EVA KRAFCZYK visits a snowy paradise virtually untouched for decades.
The rundown hunting lodge at the end of Bialowieza Park on the Polish border with Belarus has seen better days. Not so long ago, it housed a number of Communist dignitaries, including Soviet politburo members who probably shared a love of vodka with 19th century aristocratic hunters.
The view from the lodge, however, is still beautiful, much as it was when Russian Czars came to the tiny provincial village to hunt bears, wolves and deer. A snow-covered plain stretches afar. Oaks, pines, beeches and limes have grown to impressive heights over the centuries.
Today, only the horse harnessed to our wooden sleigh is in any danger of getting into a sweat, yet Bialowieza national park ranger Pan Jurek, a stocky man with blond hair and grey eyes, has little use for scarves, hats or gloves. Fortunately, blankets are always on hand for shivering guests. Better wrap them around you closely,” he warns. “It can get quite chilly if you sit still for a while.”
The horse is anxious to get going and has to be reined in while passengers mount the sleigh. Jurek flicks the whip, and the horse is off.
The sleigh creaks and the first paces on the frozen surface prove hard work. Soon, horse and sleigh glide out of the palace park over the vast, Puszcza Bialwieska plain, or Bialowieza heath. The wind is icy and the coachman is soon flushed, but shows no sign of discomfort – unlike his passengers, whose fingertips feel like solid ice when the sleigh stops outside Park Narodowy’s big, wooden gates.
“Looks more like Jurassic Park,” muses one. Jurek lights a cigarette and announces: “Last opportunity. Smoking is strictly forbidden in the park.”
The laws within the ‘protected zone’ apply to both park rangers and visitors as there has been no human interference in 85 years, since Poland’s oldest national park was founded. A Unesco World Heritage site, Bialowieza forest is the last remaining primeval forest in Europe, its vast 150,000 hectare territory covering parts of Poland and Belarus.
A walk through the protected zone is not easy – limited numbers of visitors are allowed to enter the reserve and must be accompanied by a ranger. There are no roads; only pedestrians, bicycles and horse carts are admitted.
Giant oaks and firs soar skywards. Thick, green moss carpets the few mighty trunks that have not been blanketed in snow. The forest is a vision in black and white on a cold winter’s day, and is resplendent in green and golden hues in summer sunshine.
Mother Nature is in control here,” Jurek notes. “Some of the trees are old and die, and then they just collapse.”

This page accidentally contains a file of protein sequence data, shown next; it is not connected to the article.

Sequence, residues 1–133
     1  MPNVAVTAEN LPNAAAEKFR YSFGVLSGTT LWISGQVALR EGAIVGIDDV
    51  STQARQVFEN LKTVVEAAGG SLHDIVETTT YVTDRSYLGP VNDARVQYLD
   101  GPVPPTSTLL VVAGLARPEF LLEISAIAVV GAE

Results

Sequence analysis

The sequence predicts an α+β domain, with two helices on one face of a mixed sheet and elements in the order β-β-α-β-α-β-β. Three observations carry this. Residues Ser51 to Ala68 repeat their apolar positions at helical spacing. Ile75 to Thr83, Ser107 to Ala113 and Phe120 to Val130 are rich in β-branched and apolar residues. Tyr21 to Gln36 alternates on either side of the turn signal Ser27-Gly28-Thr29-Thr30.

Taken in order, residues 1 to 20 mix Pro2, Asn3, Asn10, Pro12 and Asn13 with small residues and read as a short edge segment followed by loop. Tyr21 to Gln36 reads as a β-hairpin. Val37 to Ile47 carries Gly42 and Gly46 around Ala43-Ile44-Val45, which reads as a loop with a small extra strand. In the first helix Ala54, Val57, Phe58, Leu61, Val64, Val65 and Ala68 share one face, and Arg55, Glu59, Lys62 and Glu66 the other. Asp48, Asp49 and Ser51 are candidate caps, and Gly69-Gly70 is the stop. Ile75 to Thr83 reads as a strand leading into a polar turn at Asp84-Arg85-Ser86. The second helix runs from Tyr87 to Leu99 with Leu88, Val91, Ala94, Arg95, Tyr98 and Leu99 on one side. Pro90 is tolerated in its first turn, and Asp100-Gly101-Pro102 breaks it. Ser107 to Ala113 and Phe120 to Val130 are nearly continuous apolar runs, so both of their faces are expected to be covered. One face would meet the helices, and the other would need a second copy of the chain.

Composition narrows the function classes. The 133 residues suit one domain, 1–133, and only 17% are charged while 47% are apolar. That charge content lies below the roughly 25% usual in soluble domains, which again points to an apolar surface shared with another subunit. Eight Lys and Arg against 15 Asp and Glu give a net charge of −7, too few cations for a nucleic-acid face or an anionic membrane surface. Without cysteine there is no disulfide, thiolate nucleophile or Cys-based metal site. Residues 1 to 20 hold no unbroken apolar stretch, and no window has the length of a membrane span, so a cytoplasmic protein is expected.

The oldest oaks are up to 400 years old – impressive giants of the forest. Only when a felled tree blocks the paths can the rangers cut the wood and remove it.
“That can take days,” Jurek sighs. “Machinery is not permitted in the protected zone, so it’s all done manually.”
The roar of machines would disrupt the silence otherwise broken only by chirping birds and creaking twigs.
The coachman points to the right as the path forks: only three more kilometres, and we’d be in Belarus, he tells us. Despite the border area, there is not much smuggling. “People who try to smuggle immigrants into the country pick less dangerous paths,” we’re told.
For the forest is a real wilderness. Most of the 15,000 species found there are as harmless as insects, bugs and butterflies. But an encounter with rutting deer, wild boars or hungry wolves, could be dangerous.
“The wolves keep the natural balance in here, save us from unnecessary interfering,” Jurek says. The law of the jungle rules here. Weak, old or sick animals are most likely to fall prey. Only the ‘king of the forest’ demands a respectful distance from even the most hungry wolf.
No other species is as strongly linked to the Bialowieza forest as the wild bison. Almost extinct in early 20th century, they were saved by zoologists from various countries and set free in Bialowieza. Now almost 400 roam free in the forest – the largest bison population in Europe. Every visitor to the forest hopes to spot bison, and so the sleigh riders crane their necks on the lookout out for the massive creatures … to no avail.
“Even if we are only taking the paths, it would take five or six hours to cross the park,” Jurek says, and everyone pulls the blankets a bit closer, flinching involuntarily.
After about 90 minutes, the sleigh arrives back at the hunting lodge. Everyone but Jurek is frozen stiff, despite the blankets. But the sleigh ride through the forest has been worth the near-frostbite. “I feel like Anna Karenina,” says one passenger. “Only the furs are missing.””